Navigation Panel: Previous | Up | Forward | Graphical Version | PostScript version | U of T Math Network Home

# University of Toronto Mathematics NetworkAnswers and Explanations

## The General Situation

We've seen that e is the factor by which a continually-compounding bank account will increase if under simple interest it would have doubled (increased by 100%).

What if the simple interest isn't 100%? In other words, suppose your money wouldn't have doubled under simple interest, but increased by some other factor?

Suppose for instance the simple interest is 200%. Then we can split the time period up into two halves, with the simple interest being 100% for each half (for example, if you earn 200% simple interest per year, you're earning 100% interest for each six-month period).

At the end of the first half and the beginning of the second half, the balance under compound interest will be e times the original balance.

At the end of the second half, the balance under compound interest will be e times the balance at the beginning of the second half. In other words, it will be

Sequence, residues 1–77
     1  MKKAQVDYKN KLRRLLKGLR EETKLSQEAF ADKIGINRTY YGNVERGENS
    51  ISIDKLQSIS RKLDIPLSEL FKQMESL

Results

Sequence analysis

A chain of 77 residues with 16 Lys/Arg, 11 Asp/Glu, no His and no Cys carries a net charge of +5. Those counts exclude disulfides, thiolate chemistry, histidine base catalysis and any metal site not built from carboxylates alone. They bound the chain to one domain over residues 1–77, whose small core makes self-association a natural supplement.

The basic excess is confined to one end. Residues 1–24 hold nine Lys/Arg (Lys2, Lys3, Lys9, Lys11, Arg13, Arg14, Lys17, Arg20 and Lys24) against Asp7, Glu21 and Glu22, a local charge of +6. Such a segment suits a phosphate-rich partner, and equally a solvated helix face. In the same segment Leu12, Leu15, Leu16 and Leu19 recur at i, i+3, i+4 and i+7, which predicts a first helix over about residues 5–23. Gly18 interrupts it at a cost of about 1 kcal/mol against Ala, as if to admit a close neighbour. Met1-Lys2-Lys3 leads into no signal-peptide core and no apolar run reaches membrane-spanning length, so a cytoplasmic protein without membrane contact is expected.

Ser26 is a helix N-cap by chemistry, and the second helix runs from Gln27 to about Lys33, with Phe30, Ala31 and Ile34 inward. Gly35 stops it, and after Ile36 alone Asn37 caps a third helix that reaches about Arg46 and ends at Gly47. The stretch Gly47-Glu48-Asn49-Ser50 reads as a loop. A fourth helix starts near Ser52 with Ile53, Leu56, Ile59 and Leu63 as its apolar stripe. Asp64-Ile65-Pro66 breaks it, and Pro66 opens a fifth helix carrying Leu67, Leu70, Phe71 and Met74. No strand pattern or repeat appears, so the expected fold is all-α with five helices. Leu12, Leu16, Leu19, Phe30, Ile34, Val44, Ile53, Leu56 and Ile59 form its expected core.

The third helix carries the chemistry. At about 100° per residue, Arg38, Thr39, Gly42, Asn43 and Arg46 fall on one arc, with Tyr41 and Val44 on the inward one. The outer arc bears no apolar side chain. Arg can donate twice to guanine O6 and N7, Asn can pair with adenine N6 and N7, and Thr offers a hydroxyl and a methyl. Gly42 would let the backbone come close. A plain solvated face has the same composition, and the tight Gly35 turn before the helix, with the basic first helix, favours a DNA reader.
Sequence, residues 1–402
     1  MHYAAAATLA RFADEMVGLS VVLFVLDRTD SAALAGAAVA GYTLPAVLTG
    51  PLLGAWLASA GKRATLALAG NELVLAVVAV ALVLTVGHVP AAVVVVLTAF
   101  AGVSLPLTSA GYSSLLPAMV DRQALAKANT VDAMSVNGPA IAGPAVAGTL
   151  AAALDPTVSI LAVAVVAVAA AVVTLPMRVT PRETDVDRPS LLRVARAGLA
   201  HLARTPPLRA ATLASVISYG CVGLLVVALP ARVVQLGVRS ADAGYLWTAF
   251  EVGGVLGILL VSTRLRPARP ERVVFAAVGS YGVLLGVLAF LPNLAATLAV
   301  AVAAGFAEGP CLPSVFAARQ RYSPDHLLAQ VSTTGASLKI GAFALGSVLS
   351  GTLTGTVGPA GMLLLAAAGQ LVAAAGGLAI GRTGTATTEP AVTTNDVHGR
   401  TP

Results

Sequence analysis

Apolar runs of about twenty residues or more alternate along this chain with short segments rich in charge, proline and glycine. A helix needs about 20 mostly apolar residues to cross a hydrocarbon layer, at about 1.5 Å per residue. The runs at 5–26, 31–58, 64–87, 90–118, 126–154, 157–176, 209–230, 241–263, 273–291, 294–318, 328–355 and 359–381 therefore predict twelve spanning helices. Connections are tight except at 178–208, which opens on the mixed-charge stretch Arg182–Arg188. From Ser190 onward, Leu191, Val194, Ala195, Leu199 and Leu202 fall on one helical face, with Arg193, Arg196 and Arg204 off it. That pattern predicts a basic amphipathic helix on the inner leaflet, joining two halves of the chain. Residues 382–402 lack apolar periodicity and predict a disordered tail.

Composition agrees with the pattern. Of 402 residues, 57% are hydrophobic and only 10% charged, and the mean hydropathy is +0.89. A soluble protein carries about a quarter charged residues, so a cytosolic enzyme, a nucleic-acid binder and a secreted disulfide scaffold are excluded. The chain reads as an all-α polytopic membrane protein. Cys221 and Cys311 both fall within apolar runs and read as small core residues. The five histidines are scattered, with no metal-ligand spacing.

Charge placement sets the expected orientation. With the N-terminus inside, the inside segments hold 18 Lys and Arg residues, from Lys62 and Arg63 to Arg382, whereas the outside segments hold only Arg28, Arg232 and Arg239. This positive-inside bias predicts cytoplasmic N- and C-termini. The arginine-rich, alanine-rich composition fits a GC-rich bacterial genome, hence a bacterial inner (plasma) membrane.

e times (e times original amount)
which is e^2 times the original amount (with "^" standing for "to the power of" on text-only browsers; if your browser can display graphics, switch to the graphical version for better notation). So, if the simple interest earned is 200% (2 times original amount), the final balance under compound interest is e^2 times the original amount.

This turns out to be true in general. If the simple interest earned is R times the original balance, then the final balance under compound interest is e^R times the original balance.

This is one of the reasons why exponentials of the form e^x occur more frequently in practice than do exponentials with other bases such as 10^x, and why one usually uses exponentials and logarithms base e rather than base 10 or any other base. (The other, more important, reason has to do with the special role that base e exponentials play in calculus).

[Go on]